Usually I read books in one long breathless gulp, straight through dinnertime or late into the night, unable to stop until I come to the end of the story. Stardust is different, something I have been reading little by little, one or two chapters a night, nibbling away at Gaiman's words the way Charlie Bucket nibbles away at his precious chocolate bars to make them last longer. For me it is a new way to experience literature, a slow falling in love instead of a headlong free-fall, like inching my way step by step into the sea instead of diving in straight off, an extraordinary sensation, one I ordinarily don't have the patience to make time for. I want to know how the story ends, whether the hero wins his heart's desire, whether the heroine finds true love, whether the villain meets his or her rightful end, and often I can't sleep until I find the answers, such as who poured the hemlock into the unfaithful painter's beer.
I am not sure how I discovered Neil Gaiman, or what first drew me to Stardust, but I came to the end of the second chapter, and gave a little jump of surprise. But I will come back to that later. It begins with the town of Wall, in the earlier years of Queen Victoria, and with the young Dunstan Thorn. The town of Wall takes its name from a high wall of grey rock, which has a single opening that looks onto a meadow and beyond that a stream and trees among which shapes and figures can sometimes be seen; guards prevent people from passing through tha opening in the wall, except for "every nine years, on May Day, when a fair comes to the meadow." It is during this fair that the eighteen-year-old Dunstan Thorn meets a mysterious stranger who promises him his heart's desire, and at the fair he meets a young faerie, bound to slavery by a stall-owner, who steals his heart and leaves him, several months later (during which he has married Daisy Hempstock) with a baby son, Tristran.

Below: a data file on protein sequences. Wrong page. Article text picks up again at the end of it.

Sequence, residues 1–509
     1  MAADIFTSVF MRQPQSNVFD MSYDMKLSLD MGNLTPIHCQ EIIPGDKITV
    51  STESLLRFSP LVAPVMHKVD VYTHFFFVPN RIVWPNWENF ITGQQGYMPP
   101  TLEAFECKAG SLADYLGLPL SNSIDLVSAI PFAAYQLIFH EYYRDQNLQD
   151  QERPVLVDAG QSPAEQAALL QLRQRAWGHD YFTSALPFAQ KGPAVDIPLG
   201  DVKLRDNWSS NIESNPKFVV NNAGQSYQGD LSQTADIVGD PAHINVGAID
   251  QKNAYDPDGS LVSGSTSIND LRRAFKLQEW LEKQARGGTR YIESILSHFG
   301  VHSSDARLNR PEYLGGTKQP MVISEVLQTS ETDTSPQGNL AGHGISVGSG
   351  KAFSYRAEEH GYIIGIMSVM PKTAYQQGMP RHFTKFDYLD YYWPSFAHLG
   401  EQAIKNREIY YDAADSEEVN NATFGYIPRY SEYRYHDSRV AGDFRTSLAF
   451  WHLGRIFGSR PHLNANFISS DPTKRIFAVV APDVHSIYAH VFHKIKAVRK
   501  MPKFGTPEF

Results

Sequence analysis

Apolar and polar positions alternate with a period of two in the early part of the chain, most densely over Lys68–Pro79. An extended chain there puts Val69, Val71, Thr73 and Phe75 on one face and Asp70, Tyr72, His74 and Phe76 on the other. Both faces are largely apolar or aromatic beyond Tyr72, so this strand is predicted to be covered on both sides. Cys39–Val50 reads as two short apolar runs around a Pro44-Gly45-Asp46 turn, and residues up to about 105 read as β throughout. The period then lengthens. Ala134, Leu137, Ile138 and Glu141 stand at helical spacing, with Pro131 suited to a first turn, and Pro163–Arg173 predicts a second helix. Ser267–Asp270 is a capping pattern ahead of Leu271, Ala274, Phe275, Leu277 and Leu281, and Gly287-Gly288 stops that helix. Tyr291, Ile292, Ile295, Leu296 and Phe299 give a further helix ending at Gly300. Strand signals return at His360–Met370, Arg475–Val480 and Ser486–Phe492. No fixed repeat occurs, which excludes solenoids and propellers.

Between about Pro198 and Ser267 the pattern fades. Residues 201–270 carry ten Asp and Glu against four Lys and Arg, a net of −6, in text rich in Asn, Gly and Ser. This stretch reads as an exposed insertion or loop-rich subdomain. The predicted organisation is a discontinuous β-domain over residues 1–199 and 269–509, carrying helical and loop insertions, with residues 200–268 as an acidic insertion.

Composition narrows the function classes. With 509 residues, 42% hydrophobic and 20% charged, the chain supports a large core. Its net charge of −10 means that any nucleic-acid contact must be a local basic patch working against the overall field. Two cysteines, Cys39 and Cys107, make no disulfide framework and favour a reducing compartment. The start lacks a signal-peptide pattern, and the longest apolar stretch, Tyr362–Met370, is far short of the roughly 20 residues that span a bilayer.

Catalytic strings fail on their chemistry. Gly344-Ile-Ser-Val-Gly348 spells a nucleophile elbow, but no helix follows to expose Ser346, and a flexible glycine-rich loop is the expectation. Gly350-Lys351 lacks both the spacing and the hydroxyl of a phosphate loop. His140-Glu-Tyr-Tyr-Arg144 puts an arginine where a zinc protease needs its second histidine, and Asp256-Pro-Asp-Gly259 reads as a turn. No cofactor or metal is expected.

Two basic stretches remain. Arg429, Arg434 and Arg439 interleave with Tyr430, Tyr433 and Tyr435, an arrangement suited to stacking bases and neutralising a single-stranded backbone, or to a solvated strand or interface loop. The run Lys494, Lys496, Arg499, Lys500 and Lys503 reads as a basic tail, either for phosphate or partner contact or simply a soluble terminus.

Time passes, and the young Tristran is seventeen years old and madly in love with Victoria Forester, the most beautiful girl in town. He asks for a kiss, and for her hand in marriage, but is refused on both counts, even after promising to go to far-off places in order to bring back anything he can think of, gold and rubies and diamonds and opals and elephant tusks. But it is in exchange for a fallen star that she promises him anything he desires, and so he sets off with a bag of apples and bread and cheese and heads off through that gap in the wall, where he is given admission for being his father's son, and the son of that young faerie Dunstan Thorn met at the fair all those years ago. And, too ignorant to be scared, too young to be awed, Tristran Thorn passed beyond the fields we know...and into Faerie.
Gaiman, Neil. Stardust. HarperPerennial, 2006. pp 5